I received a letter recently from a life-long contemplative who described a dream she had shortly after receiving a print of Sacred Bond. “I’ve been pondering a frame [for Sacred Bond] and last night in a dream I saw her in a dream catcher. The icon was within the dream catcher.” Her image of “the icon within the dream catcher” suggested to me that perhaps “dream work” could be a way to enter more deeply into the meaning of Sacred Bond.
This intuition was supported by my experience of painting which was similar to a “waking dream.” I had an initial plan for the painting, but as the creative process unfolded, I made changes to the night sky, landscape, and faces of the Mother and Child as my imagination fashioned new images that transformed the plan in unexpected ways. I was “dreaming the image onward” as I painted, “catching” intuitions, images and feelings as they emerged from my psyche and then making changes in the painting that some of those inner inspirations suggested.
As this process continued day dreams and stories began to emerge. I began to wonder: Why are the mother and child were on the road before daybreak? Where are they coming from? Where are they going? The path behind them disappeared as it descended into a valley blanketed in thick fog. What was beneath that fog? A village? Their home? Many possible answers presented themselves.
Similar questions emerged as I imagined their future: Where are they headed? Since they stood in the forefront of the painting, I could see nothing in front of them. There were no visual hints as to where the path was leading. Are they leaving home? Are they on the road as immigrants? Later, I had the thought that what was in front of them was the room in which I kept the painting. Were the mother and child visiting me? Were they about to step into my space? Why? What was the purpose of such a visit?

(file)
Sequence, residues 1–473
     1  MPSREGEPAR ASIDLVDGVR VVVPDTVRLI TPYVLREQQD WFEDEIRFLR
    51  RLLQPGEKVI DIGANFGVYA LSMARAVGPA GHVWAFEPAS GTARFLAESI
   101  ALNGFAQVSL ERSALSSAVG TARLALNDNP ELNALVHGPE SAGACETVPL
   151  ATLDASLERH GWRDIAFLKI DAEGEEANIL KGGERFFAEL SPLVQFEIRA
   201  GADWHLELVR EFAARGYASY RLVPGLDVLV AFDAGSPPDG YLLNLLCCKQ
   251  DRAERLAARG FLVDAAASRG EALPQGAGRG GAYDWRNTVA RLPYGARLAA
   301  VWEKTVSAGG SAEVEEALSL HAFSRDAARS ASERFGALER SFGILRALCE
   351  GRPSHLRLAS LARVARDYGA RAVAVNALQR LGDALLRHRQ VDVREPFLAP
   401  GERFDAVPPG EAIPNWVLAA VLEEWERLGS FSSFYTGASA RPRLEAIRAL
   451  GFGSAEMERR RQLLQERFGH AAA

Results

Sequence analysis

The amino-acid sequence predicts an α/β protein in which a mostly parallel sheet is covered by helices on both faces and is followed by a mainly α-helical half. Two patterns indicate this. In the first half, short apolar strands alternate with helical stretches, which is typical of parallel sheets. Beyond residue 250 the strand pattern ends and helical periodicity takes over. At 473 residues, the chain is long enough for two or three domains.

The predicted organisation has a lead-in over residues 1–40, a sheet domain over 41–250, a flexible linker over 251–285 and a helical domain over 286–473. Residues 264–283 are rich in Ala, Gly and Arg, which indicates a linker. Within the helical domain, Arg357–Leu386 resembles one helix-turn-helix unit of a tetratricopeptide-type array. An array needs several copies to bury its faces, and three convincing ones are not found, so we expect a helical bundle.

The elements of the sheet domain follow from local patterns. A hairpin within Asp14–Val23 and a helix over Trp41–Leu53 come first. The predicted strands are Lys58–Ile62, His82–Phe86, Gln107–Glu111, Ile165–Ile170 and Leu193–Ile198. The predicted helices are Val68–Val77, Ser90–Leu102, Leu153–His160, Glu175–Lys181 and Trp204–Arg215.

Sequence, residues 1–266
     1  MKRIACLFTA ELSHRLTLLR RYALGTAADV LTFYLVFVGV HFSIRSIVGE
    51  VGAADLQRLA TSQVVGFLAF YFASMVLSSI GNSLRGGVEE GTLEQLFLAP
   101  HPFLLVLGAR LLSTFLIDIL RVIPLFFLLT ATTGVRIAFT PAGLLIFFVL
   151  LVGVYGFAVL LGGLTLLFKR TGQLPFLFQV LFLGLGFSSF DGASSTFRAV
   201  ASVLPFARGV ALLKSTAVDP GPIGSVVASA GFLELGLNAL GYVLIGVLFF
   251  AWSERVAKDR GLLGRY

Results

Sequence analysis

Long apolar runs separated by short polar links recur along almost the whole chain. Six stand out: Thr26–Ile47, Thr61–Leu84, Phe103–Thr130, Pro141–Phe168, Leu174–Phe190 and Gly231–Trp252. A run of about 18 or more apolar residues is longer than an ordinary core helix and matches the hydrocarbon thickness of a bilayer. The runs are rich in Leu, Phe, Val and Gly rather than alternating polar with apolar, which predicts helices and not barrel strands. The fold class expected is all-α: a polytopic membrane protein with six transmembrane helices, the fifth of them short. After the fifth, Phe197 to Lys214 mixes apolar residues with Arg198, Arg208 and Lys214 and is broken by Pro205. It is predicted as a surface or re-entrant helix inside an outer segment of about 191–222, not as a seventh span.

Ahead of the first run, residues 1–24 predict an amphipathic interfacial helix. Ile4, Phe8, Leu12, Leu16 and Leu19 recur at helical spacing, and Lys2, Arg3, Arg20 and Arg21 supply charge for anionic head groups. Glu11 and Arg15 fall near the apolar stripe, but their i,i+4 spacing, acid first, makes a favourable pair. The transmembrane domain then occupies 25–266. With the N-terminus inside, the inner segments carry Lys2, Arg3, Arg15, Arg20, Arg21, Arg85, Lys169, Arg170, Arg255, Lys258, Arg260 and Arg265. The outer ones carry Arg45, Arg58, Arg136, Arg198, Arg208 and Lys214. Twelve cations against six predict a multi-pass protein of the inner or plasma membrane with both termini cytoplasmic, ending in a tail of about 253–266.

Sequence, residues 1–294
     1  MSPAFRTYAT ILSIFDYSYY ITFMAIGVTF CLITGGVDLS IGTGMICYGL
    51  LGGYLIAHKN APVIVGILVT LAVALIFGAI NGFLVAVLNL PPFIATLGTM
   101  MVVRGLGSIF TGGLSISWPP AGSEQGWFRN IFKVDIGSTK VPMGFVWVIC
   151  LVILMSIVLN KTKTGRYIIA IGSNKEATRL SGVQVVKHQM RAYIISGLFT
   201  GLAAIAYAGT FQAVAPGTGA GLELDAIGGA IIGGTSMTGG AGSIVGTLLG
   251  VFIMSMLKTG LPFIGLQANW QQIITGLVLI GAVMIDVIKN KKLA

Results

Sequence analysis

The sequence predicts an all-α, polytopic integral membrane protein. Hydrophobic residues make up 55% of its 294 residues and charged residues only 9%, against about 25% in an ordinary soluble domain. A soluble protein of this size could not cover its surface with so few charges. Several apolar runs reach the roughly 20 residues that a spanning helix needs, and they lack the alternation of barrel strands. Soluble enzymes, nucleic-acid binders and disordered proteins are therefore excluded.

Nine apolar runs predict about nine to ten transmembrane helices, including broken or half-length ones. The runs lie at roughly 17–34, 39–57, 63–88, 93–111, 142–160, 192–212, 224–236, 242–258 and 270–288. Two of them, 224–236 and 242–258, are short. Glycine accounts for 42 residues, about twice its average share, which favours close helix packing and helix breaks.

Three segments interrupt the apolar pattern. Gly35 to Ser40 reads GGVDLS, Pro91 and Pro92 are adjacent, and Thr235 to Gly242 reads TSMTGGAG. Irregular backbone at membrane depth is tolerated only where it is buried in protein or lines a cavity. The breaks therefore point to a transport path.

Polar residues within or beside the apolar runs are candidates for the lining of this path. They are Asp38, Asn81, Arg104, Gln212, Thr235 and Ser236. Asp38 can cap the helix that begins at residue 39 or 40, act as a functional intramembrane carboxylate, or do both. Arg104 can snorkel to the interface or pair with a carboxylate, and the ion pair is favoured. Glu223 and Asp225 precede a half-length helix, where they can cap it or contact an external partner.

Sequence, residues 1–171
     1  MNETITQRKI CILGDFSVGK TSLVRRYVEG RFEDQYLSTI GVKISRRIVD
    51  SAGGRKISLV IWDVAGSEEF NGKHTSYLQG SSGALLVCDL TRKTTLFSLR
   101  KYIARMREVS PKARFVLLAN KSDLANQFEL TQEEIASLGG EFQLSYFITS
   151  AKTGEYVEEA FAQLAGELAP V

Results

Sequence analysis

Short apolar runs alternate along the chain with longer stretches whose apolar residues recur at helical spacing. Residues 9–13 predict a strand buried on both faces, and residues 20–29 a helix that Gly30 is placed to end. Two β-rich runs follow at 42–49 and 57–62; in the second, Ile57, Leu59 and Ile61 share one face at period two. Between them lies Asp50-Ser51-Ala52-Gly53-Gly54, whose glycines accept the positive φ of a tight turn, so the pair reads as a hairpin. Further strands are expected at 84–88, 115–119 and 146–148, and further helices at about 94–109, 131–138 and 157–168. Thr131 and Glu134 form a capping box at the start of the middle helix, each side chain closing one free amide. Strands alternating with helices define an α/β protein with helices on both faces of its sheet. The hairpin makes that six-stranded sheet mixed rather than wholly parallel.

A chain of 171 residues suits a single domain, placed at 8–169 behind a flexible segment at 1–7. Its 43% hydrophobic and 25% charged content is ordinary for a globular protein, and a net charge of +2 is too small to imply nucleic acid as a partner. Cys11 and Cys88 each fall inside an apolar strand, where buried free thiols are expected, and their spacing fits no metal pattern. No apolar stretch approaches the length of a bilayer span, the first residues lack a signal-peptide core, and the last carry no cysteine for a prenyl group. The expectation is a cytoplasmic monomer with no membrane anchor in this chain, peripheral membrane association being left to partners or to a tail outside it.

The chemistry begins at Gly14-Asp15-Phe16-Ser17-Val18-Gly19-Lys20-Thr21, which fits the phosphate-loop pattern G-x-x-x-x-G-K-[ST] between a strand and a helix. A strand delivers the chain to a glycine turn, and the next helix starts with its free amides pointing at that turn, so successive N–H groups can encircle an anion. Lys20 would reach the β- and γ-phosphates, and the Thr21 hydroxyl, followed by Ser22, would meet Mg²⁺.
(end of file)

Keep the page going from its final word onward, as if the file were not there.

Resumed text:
More interior questions also presented themselves: What are the mother and child feeling at this moment on the journey? Can I read their feelings from their faces? How different the faces of the mother and child are! What are these faces saying to me? Again, many possibilities presented themselves.
This approach does not attempt to analyze or interpret the painting, but to enter into it through imagination, to allow the feelings, intuitions and fantasies evoked by the images of the painting to lead the way. Dreaming the painting onward creates an inner space for meanings and feelings to emerge that are uniquely personal to each individual.
I invite you to experiment with this process. See where it takes you. After each “dreaming it onward” meditation take time to record in writing, drawing or some other medium what came up for you. Sit with it for a while. Feel free in future meditations to pursue themes that feel unfinished or that appear to hold further possibilities.